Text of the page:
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Alexander Orlov

Matt Damon in a scene from ‘The Martian’

By Daniel Dunaief

One of the seminal, and realistic, scenes from the movie “The Martian” involves astronaut Mark Watney, played by Matt Damon, clearing the dust from a solar panel.

The cleaning process not only made it possible for the space station on Mars to continue to generate solar energy, but it also alerted the National Aeronautics and Space Administration staff on Earth to the fact that Watney somehow survived a storm and was alive and stranded on the Red Planet.

Alexander Orlov Photo from SBU

Back in 1967, engineers from NASA proposed a system to remove dust from solar panels, which can deprive space stations of energy and can cause rovers and other distant remotely operated vehicles to stop functioning. Washing these solar cells on dried out planets with water is not an option.

That’s where Alexander Orlov, a Professor of Materials Science and Chemical Engineering in the College of Engineering and Applied Science, his graduate student Shrish Patel, Victor Veerasamy, Research Professor of Materials Science and Chemical Engineering at Stony Brook University, and Jim Smith, Chief Technology Officer at Bison Technologies and a board member at the Clean Energy Business Incubator Program at SBU, come in.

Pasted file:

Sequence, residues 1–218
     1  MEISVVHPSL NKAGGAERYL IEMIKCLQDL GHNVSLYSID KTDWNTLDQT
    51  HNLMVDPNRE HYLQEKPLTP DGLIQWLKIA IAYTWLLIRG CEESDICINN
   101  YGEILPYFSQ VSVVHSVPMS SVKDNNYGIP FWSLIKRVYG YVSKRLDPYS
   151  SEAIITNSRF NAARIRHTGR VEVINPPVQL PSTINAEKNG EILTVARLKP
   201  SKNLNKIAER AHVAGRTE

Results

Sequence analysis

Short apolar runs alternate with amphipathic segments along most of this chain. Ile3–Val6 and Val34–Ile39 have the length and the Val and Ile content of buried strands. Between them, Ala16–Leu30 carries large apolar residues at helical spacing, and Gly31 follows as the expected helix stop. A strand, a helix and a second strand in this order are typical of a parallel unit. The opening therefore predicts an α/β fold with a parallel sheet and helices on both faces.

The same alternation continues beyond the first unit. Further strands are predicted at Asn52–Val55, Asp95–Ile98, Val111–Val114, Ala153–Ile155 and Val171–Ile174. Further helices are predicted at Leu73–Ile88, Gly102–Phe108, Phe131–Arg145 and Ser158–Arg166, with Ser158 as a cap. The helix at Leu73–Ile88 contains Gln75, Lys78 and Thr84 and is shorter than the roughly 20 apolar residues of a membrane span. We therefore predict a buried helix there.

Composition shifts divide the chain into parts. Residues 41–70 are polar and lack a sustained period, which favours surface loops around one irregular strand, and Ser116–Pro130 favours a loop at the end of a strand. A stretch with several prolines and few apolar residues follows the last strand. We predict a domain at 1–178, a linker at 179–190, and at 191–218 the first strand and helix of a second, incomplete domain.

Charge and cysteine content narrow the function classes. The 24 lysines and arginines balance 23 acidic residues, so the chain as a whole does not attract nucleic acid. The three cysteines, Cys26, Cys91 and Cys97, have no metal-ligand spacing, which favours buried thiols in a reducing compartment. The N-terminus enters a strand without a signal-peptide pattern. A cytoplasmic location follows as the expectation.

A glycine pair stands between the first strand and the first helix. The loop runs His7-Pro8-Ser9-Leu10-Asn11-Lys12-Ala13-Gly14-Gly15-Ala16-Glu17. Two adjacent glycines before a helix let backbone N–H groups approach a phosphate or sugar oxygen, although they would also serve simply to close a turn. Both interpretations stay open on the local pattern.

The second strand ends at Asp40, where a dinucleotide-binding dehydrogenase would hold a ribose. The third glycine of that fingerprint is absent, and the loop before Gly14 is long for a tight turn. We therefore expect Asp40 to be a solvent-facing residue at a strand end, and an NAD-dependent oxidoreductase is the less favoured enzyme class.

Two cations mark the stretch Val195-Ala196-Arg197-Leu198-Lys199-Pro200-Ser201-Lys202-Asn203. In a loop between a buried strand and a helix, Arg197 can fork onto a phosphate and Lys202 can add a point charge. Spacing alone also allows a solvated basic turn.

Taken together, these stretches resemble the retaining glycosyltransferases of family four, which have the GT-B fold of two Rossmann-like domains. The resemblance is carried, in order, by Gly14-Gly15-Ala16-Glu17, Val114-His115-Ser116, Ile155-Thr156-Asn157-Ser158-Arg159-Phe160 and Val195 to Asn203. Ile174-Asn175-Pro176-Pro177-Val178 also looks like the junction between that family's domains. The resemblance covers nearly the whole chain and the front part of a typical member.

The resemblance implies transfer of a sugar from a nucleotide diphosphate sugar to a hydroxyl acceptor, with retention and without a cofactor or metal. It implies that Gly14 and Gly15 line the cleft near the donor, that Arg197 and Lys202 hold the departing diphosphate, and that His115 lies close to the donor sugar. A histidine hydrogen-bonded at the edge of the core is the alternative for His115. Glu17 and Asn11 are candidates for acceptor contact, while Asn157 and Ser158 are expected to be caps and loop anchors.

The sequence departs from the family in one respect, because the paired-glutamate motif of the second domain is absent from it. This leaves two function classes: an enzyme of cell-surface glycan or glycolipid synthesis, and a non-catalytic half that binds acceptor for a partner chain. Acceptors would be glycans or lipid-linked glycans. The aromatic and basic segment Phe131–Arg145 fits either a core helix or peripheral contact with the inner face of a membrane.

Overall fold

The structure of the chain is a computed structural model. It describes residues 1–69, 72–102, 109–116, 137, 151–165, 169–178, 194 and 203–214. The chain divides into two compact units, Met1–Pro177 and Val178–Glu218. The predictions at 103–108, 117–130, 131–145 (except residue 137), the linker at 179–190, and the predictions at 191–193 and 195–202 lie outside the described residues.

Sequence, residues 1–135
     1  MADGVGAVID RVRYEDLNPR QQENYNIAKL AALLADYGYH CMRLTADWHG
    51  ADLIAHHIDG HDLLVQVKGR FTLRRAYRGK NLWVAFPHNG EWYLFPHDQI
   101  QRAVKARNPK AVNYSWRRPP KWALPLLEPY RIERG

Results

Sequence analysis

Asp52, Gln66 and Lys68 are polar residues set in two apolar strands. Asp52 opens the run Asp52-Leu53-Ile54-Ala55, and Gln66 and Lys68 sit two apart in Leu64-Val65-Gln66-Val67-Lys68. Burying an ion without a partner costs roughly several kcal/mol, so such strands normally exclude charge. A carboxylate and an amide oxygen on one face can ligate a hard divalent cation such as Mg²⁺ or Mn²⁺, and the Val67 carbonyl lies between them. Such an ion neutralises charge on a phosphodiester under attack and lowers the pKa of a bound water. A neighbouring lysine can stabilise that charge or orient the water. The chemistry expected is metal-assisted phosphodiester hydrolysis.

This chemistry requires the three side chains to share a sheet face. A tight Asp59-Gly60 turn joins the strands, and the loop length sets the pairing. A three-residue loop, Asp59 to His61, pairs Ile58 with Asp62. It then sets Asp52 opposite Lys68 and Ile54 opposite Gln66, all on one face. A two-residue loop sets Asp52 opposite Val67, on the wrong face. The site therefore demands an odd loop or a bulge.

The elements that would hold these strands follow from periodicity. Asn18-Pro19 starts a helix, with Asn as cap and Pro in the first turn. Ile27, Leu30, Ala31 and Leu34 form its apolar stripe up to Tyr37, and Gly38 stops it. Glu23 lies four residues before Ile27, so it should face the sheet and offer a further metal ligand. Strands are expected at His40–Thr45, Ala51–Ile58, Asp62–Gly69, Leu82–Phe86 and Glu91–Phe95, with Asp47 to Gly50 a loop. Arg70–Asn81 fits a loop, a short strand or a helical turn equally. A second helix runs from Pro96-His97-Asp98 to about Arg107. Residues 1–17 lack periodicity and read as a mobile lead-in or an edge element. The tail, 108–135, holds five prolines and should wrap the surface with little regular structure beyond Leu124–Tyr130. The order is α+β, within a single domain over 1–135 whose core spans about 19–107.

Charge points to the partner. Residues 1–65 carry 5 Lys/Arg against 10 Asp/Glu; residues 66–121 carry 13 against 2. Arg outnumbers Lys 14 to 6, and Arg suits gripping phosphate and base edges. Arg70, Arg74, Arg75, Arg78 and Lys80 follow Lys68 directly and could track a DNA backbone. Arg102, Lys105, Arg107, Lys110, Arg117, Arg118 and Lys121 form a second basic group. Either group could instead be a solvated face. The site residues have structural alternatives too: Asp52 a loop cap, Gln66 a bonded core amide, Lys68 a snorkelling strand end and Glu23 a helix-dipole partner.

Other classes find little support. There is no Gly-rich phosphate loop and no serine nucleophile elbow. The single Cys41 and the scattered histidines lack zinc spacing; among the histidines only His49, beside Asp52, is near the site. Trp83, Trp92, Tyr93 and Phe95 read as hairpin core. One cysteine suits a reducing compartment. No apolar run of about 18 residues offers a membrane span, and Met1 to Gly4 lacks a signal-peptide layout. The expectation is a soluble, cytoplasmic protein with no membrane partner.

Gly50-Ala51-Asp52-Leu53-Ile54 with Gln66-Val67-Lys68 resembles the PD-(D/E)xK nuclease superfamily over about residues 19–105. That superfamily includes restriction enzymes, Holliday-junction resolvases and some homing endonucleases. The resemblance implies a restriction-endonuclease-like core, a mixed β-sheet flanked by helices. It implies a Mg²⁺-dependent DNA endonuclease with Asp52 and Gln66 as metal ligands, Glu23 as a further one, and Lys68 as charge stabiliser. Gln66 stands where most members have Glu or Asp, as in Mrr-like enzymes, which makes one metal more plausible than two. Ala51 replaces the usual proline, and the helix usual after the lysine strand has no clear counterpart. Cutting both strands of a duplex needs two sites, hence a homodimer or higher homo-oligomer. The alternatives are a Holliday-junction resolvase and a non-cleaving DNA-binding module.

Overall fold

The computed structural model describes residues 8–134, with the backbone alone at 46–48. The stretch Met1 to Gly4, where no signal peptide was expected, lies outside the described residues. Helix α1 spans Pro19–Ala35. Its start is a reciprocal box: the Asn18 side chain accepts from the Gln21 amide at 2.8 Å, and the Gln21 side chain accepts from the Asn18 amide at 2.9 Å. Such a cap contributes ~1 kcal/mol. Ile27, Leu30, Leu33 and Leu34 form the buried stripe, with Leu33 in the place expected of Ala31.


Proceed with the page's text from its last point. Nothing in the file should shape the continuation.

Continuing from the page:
Working at a company Orlov founded called SuperClean Glass, Orlov, Patel and other colleagues tried to make an original effort started by NASA feasible. The particles have an electric charge. An electric field they created on the solar glass lifts the particles and then throws them away.

The process recently became a finalist in the Department of Energy’s American-Made Solar Prize for 2021. The 10 companies who are finalists get a $100,000 prize and $75,000 in vouchers from the Department of Energy to test their technology.

The DOE will announce two winners in September of 2021, who will each get an additional half a million dollars and $75,000 in vouchers to develop and test their prototypes.

Orlov, who was delighted that this effort received the recognition and the funds, said the company would use the money to develop prototypes and verify that ‘this technology works at the National Renewable Energy Lab.”

SuperClean Glass is creating prototypes of larger scale to show that turning on a power supply will cause dust to levitate and be removed within seconds.